Platelets Pheresis microorganisms:  S. aureus (4), S. marcescens (1), S. lugdunensis (1), S. epidermidis (2), E. limosum (1), E. coli (1), M. morganii (1), K. oxytoca (1)

Figure 5: Bacterial Infection by Apheresis Platelets, FY 2001 through FY 2008

Figure 5: FY01: 7; FY02: 8; FY03: 6; FY04: 3; FY05: 6; FY06: 2; FY07: 2; FY08: 2


E. Transfusion Not Ruled Out as Cause of Fatality

In these reported fatalities, the reporting facilities were unable to identify a specific complication of transfusion as the cause of death. Often, these patients had multiple co-morbidities, and after review of the investigation documentation, our medical reviewers could neither confirm nor rule out the transfusion as the cause of the fatality (Table 5). We did not include these reported fatalities in the analysis in Sections II.A through II.D (transfusion-related fatalities), above. Combining the transfusion related fatalities with those that our medical officers could not rule out, there was a decrease in total reported fatalities from 63 in FY2007 to 55 in FY2008.

F. Not Transfusion Related

After reviewing the initial fatality reports and the investigation documentation, we categorized a number of reported fatalities as “Not Transfusion Related.” Our medical reviewers concluded that, while there was a temporal relationship between transfusion and subsequent death of the recipient, there was no evidence to support a causal relationship (Table 5). Thus, we did not include these reported fatalities in the analysis in Sections II.A through II.D (transfusion-related fatalities), above.

Table 5: Fatalities Not Related to Transfusion or Transfusion Not Ruled Out, FY2005 through FY2008

 

FY05

FY06

FY07

FY08

Not Transfusion Related

21

8

13

18

Not Ruled Out

14

10

11

8

Totals

35

18

24

26

 


G. Post-Donation Fatalities

There was a small decrease in FY2008 in the number of reported fatalities following Source Plasma donation, and one fatality following donation of Apheresis Red Blood Cells (Table 6). In all of these cases, our medical reviewers concluded that, while there was a temporal link between the donations and the fatalities, there was no evidence to support a causal relationship between the donations and subsequent death of the donors.

In FY2008, we received reports of two fatalities following Whole Blood donation collected by manual methods. In both cases, our medical reviewers found no evidence to support a causal relationship between the donation and subsequent death of the donor.

Table 6: Post-Donation Fatality Reports by Donated Product, FY2005 through FY2008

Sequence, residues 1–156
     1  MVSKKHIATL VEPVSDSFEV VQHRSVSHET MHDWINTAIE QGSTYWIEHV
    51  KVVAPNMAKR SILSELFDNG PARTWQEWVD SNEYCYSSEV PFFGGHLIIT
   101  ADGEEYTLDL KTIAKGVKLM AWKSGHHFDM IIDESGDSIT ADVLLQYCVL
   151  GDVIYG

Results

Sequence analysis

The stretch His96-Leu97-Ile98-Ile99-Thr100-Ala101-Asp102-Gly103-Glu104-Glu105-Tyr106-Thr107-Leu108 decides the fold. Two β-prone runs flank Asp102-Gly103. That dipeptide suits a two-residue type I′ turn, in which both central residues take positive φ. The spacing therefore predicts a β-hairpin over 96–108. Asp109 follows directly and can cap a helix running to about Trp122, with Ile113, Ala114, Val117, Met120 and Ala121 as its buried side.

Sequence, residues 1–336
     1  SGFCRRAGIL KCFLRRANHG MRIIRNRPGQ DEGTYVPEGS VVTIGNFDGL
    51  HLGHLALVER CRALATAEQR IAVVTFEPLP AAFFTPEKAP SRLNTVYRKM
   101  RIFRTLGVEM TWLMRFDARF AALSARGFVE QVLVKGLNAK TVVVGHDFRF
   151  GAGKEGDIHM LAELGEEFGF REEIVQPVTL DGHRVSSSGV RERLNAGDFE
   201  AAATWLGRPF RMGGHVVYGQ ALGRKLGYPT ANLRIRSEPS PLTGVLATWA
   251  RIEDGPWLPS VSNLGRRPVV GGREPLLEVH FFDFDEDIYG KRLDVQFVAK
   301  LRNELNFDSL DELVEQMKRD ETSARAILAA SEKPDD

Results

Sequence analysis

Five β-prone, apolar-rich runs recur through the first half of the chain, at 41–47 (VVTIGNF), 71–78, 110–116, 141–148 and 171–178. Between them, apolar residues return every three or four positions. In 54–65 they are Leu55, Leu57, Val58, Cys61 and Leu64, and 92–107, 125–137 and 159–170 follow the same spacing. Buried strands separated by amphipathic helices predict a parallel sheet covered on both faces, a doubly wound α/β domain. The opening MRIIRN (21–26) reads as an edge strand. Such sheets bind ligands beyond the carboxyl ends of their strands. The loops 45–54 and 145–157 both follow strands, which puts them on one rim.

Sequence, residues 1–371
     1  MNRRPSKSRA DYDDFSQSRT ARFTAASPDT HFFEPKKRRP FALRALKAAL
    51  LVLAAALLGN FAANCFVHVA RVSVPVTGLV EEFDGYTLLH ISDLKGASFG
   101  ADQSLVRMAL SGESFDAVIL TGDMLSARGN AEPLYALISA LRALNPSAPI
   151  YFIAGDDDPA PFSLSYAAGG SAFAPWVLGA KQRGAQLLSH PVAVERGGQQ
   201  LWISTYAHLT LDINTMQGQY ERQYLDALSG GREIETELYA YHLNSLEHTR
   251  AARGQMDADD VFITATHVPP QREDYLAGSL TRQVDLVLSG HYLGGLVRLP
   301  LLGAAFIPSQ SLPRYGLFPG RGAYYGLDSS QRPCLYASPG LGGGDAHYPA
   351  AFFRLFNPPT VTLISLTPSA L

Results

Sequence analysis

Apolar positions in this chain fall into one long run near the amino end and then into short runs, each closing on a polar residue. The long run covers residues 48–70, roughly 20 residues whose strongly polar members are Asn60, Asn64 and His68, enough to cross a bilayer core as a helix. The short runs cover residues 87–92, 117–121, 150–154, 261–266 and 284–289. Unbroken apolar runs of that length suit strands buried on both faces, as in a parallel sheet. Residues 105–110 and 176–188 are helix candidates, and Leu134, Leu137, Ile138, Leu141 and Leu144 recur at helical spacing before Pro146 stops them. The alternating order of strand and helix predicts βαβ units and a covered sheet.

Donated Product

FY05

FY06

FY07

FY08

Source Plasma

2

10

13

7

Whole Blood

6

4*

2**

2

Apheresis Platelets

0

0

2

0

Apheresis Red Blood Cells

0

0

0

1

Total

8

14

17

10

*Includes 2 autologous donations
**Autologous donations

Figure 6: Post-Donation Fatality Reports, FY2005 through FY2008

Figure 6: Post-Donation Fatality Reports, FY 2005 through FY 2008

Figure 6: FY05: Source Plasma: 2; Whole Blood: 6; Apheresis Platelets: 0; Apheresis Red Blood Cells: 0; FY06: Source Plasma: 10; Whole Blood: 4; Apheresis Platelets: 0; Apheresis Red Blood Cells: 0; FY07: Source Plasma: 13; Whole Blood: 2; Apheresis Platelets: 2; Apheresis Red Blood Cells: 0; FY08: Source Plasma: 7; Whole Blood: 2; Apheresis Platelets: 0; Apheresis Red Blood Cells: 1

*Includes 2 autologous Whole Blood donations
**Both Whole Blood donations in FY07 were autologous


Footnotes

 1Whitaker BI, Green J, et al. The 2007 Nationwide Blood Collection and Utilization Survey Report. Washington (DC): Department of Health and Human Services; 2008.

 2Guidance for Industry: Notifying FDA of Fatalities Related to Blood Collection or Transfusion, September, 2003.

 3Goldman M, Webert KE, Arnold DM. et al. Proceedings of a consensus conference: towards an understanding of TRALI. Transfus Med Rev 2005;19:2-31.

 4Kleinman S, Caulfield T, Chan P, et al. Toward an understanding of transfusion-related acute lung injury: statement of a consensus panel. Transfusion 2004;44:1774-1789.

 5Whittaker BI, op.cit. Tables 4-1 and 4-2.

 6Curtis, BR, Mcfarland JG. Mechanisms of transfusion-related acute lung injury (TRALI): anti-leukocyte antibodies. Crit Care Med 2006;34(5 Suppl):S118-S123.

 7Eder AF, Herron R, Strupp A, et al. Transfusion-related lung injury surveillance (2003-2005) and the potential impact of the selective use of plasma from male donors in the American Red Cross. Transfusion 2007;47:599-607.

 8Chapman CE, Williamson LM, Cohen H, et al. The impact of using male donor plasma on hemovigilance reports of transfusion-related acute lung injury (TRALI) in the UK (abstract). Vox Sang 2006;91(Suppl 3):227.

 9Transfusion-related acute lung injury. AABB Association Bulletin. Bethesda: American Association of Blood Banks;2006 Nov 3.

 10Wright S, Athey S, Leaver A, et al. The effect of male-donor-only fresh frozen plasma on the incidence of acute lung injury following ruptured abdominal aortic aneurysm repair. Crit Care 2007;11:374.

 11Chapman CE, Stainsby D, Jones H, et al. Ten years of hemovigilance reports of transfusion-related acute lung injury in the United Kingdom and the impact of preferential use of male donor plasma. Transfusion ;doi:10.1111/j.1537-2995.2008.01948.x

 12MacIvor D, Triulzi DJ. Enhanced detection of blood bank sample collection errors with a centralized patient database. Transfusion 2009;49:40-43.

 13Gubernot DM, Lucey CT, Lee KC et al. Babesia Infection through Blood Transfusions: Reports Received by the US Food and Drug Administration, 1997-2007. Clin Infect Dis 2009;48:000-000, electronically published, 26 November 2008.